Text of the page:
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  • Published
    April 2, 2011

    It is all about community

    I began this Local Heroes series over a year ago to celebrate the many good things that have happened in my hometown of Rockland over the last two decades. Specifically, I set out to explore how the prosperous place of my youth in the 1940s and 1950s came roaring back following three decades of decline through the 1980s – and to do it through the voices and actions of the men and women who played significant …

  • Published
    March 8, 2011

    Rockland’s downtown Main Street: Preserved and reborn

    There was a popular refrain when I was growing up in Rockland during the 1940s and 1950s: “Today’s the day [Saturday in the 1940s changed to Friday in the 1950s they all come down, from Union, Hope and ‘Appletown.’” The main attraction? That was the day the stores stayed open until 9 p.m. Sidewalks bustled with families shopping, heading out to supper, catching a movie at the Strand or Park (later renamed the …

  • Published
    February 6, 2011

    Rockland becomes a dining destination

    I heard of a young man who moved to Rockland from New York City in the mid-1970s. A few weeks after arriving, a friend called. “How do you like your new home?” he inquired. The reply: “Rockland’s great as long as you don’t mind driving to Portland to eat out.” While the young man’s assessment was perhaps a bit harsh, Rockland was not known for having a strong restaurant scene in those days. That reputation is …

  • Published
    January 18, 2011

    The O’Hara Corporation: A major force in Rockland’s renewal

    Rockland hosted several finfish-related companies when F.J. O’Hara and Sons entered the fishing business in the city in the late 1930s. Now known as the O’Hara Corporation, it is not only the lone surviving company from that bygone era but is also the largest fishing-related business headquartered in Maine. The company operates businesses in the south, middle and north ends of Rockland, a large scallop fleet out …

  • Published
    October 25, 2010

    Rockland’s windjammer fleet: sailing with history

    In the mid-1950s there were virtually no sailing vessels moored in Rockland. My friend Charlie Graham recalls that when he took Samoset Hotel guests sailing in 1957 there were three – two small daysailers owned by the hotel and the windjammer Victory Chimes, which made her first foray into Rockland in 1954. Today there are several hundred pleasure boats in Rockland, including seven windjammers, the most in any …

  • Published
    September 25, 2010

    Rockland Breakwater Lighthouse: restoring an icon

    Rockland’s Breakwater and lighthouse have been unique landmarks for over a century and treasured storehouses of memories for many of us with deep roots in the community. Two stand out for me. As a small boy of six, I recall my grandfather and I rocking back and forth on the porch of his Owls Head cottage, gazing out at the breakwater and lighthouse across the harbor as he told the story of their construction. …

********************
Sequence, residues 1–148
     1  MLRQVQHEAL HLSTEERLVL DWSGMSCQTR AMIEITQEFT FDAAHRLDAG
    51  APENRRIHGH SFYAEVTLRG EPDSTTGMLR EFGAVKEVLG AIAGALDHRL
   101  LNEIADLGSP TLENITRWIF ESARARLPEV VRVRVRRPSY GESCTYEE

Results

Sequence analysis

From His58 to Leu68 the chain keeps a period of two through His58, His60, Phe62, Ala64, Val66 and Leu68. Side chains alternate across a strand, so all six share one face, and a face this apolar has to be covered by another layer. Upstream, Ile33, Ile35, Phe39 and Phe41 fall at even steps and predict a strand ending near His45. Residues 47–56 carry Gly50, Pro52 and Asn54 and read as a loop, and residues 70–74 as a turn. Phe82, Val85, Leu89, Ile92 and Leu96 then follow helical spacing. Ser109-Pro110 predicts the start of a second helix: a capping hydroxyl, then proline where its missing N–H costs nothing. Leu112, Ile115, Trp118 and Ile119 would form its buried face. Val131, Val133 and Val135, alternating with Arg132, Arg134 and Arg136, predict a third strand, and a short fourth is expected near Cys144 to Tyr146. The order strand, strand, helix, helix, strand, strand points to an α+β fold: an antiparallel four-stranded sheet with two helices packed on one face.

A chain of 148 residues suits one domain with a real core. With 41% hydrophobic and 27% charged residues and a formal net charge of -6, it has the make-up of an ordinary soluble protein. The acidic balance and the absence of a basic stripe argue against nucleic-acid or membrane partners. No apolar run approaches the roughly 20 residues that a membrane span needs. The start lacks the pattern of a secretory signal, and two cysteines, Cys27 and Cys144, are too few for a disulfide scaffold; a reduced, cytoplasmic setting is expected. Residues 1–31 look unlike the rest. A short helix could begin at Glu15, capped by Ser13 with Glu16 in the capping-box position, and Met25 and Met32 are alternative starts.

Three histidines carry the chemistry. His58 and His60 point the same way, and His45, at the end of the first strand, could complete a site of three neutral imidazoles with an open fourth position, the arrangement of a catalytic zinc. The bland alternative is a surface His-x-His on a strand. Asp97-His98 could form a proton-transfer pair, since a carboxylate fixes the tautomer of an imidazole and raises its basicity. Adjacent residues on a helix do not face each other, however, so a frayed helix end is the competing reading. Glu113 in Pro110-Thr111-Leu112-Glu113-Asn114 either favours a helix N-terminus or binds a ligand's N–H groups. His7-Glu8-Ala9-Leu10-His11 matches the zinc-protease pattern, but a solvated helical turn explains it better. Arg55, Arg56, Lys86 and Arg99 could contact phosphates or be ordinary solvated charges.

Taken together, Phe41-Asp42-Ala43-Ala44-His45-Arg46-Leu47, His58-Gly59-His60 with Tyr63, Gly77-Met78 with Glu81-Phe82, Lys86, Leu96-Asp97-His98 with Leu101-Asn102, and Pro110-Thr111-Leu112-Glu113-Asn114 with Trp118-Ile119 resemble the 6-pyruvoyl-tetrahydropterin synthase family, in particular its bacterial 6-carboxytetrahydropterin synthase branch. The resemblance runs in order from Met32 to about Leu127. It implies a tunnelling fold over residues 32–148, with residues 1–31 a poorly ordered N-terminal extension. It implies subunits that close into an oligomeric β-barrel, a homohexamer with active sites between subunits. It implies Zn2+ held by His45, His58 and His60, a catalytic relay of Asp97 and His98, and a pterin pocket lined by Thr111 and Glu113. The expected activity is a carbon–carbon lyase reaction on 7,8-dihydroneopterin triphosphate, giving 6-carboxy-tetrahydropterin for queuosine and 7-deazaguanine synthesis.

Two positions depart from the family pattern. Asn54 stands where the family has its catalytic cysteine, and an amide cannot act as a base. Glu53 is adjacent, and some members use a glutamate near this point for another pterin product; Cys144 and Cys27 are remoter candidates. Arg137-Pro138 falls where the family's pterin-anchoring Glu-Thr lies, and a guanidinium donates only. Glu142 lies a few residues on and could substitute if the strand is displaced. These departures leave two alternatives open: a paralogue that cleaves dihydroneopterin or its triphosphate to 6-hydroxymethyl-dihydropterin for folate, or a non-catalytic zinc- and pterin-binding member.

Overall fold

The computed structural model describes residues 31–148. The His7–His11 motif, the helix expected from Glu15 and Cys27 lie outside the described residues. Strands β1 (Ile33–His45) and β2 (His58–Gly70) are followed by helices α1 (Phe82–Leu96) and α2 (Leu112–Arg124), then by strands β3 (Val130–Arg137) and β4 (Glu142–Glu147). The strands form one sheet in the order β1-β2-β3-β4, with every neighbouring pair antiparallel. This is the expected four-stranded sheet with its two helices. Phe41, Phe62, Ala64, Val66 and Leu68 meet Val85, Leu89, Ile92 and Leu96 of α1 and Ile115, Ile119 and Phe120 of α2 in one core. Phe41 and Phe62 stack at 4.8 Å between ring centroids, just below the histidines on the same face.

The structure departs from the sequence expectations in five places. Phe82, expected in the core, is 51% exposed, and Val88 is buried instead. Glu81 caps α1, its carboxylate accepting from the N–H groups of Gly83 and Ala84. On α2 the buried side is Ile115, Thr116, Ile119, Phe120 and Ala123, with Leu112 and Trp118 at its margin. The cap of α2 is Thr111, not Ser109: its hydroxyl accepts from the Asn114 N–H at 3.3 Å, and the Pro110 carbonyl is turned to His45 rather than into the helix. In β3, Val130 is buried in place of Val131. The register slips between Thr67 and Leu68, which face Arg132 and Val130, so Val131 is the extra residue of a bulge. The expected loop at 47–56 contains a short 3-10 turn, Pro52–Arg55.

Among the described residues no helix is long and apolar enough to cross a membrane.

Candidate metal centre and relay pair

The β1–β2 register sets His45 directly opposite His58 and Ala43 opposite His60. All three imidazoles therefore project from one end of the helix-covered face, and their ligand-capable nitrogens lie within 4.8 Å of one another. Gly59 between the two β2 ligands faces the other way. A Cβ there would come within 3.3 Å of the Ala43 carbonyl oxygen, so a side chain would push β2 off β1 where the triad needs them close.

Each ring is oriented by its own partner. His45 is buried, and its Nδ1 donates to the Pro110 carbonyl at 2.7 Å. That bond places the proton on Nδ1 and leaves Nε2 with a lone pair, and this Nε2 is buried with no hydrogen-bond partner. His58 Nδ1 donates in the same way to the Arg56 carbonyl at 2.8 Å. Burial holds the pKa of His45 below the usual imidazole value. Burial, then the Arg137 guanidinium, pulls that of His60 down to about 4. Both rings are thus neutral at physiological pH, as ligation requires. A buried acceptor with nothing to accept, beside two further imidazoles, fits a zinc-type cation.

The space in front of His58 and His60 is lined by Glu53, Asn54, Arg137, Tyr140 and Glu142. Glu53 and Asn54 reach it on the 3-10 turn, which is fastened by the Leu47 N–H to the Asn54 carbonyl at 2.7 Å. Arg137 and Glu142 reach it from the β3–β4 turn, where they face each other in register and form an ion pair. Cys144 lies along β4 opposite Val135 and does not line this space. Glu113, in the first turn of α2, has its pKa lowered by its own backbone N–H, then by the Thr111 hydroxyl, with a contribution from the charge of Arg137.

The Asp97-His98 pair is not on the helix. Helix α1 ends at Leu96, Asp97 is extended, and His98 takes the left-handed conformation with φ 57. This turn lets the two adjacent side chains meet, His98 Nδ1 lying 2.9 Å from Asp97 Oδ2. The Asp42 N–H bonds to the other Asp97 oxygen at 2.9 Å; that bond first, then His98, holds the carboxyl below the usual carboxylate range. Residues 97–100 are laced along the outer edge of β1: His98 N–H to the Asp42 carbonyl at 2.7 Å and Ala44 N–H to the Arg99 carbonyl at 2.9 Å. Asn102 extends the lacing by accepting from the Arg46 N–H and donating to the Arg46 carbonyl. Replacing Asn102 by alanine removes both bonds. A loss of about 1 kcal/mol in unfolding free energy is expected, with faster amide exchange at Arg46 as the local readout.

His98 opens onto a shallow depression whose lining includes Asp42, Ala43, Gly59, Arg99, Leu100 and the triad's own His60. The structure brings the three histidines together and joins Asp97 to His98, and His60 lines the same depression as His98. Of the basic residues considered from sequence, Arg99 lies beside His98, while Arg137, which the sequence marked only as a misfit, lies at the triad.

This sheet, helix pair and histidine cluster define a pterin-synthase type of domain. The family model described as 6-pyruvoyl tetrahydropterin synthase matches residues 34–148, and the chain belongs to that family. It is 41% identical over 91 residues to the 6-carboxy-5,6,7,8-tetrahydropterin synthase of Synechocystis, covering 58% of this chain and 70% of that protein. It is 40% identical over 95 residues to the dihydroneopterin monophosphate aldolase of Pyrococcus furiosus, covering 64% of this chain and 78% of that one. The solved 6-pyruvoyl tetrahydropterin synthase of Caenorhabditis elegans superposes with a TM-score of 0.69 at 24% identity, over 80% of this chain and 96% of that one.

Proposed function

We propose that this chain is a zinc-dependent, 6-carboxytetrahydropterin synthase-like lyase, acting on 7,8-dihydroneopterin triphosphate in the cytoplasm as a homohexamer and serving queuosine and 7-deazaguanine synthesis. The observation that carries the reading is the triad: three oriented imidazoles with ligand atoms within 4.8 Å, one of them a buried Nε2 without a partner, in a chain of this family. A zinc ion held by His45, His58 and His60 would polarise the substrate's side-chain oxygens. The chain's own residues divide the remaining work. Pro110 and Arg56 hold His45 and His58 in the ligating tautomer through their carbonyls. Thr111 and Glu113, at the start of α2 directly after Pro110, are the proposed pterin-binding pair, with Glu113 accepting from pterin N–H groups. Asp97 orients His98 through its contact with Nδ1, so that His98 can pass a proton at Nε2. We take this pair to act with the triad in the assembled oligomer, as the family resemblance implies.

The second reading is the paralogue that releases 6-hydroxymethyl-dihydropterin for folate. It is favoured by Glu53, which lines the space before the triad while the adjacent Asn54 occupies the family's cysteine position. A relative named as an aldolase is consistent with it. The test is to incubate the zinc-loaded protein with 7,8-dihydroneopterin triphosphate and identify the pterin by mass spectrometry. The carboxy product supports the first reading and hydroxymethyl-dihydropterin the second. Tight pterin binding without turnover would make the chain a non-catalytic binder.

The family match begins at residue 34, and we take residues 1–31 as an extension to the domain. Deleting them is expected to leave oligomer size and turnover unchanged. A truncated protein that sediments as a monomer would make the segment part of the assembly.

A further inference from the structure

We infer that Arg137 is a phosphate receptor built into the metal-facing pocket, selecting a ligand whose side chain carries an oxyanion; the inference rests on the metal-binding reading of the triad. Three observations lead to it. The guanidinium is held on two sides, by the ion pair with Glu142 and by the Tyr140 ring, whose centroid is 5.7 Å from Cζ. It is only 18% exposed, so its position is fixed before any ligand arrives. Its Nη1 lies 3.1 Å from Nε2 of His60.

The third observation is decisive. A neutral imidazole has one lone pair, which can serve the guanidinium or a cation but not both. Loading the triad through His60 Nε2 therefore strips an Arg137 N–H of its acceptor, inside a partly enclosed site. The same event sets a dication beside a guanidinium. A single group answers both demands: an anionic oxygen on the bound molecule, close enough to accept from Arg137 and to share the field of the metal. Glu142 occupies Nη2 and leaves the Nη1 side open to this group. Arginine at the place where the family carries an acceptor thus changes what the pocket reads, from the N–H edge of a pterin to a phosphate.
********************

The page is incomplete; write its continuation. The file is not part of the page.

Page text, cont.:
• Published
    September 2, 2010

    Penobscot School: Rockland’s window on the world

    My wife, Mary Alice, and I love to show off Midcoast Maine to our friends “from away.” When cruising Rockland with our guests, I often pause in front of a modest facility at 28 Gay Street and ask rhetorically: “Can you believe that inside this 1,200 square-foot building instruction has been offered in 18 different languages and more than 500 hundred students from five continents and 50 countries have studied …

  • Published
    August 11, 2010

    The Island Institute: helping islanders preserve a national treasure

    When I was growing up in Rockland in the 1940s and early 1950s, the city proudly proclaimed that Senter Crane’s, with its five floors of inventory, was the largest department store between Portland and Bangor, and one of the busiest. By the late 1990s, across the nation the multi-floor department store had been replaced by the shopping mall. Rockland was no exception; however, rather than become a symbol of …

  • Published
    July 28, 2010

    The legacy of MBNA

    In 1993 MBNA opened its regional New England marketing headquarters with a 10-person sales office in the Knox Mill building in Camden. A decade later the company’s work force had expanded to 4,500 employees throughout Maine, including marketing centers in Belfast (by far the largest in the state), Camden and Rockland. The company was sold to Bank of America in 2005. MBNA has been gone for five years, yet the many …

  • Published
    July 17, 2010

    Welcome to the Strand

    A festive feeling filled the air in downtown Rockland on the sunshine-laden afternoon of July 3, 2005. Shuttered since 2001, the Strand Theatre was reopening under new ownership. The occasion brought back a flood tide of memories to those of us whose childhood was spent in the pre-television era. Together with the Community Building (now the “Rec” Center), the movie theater was entertainment central in Rockland …

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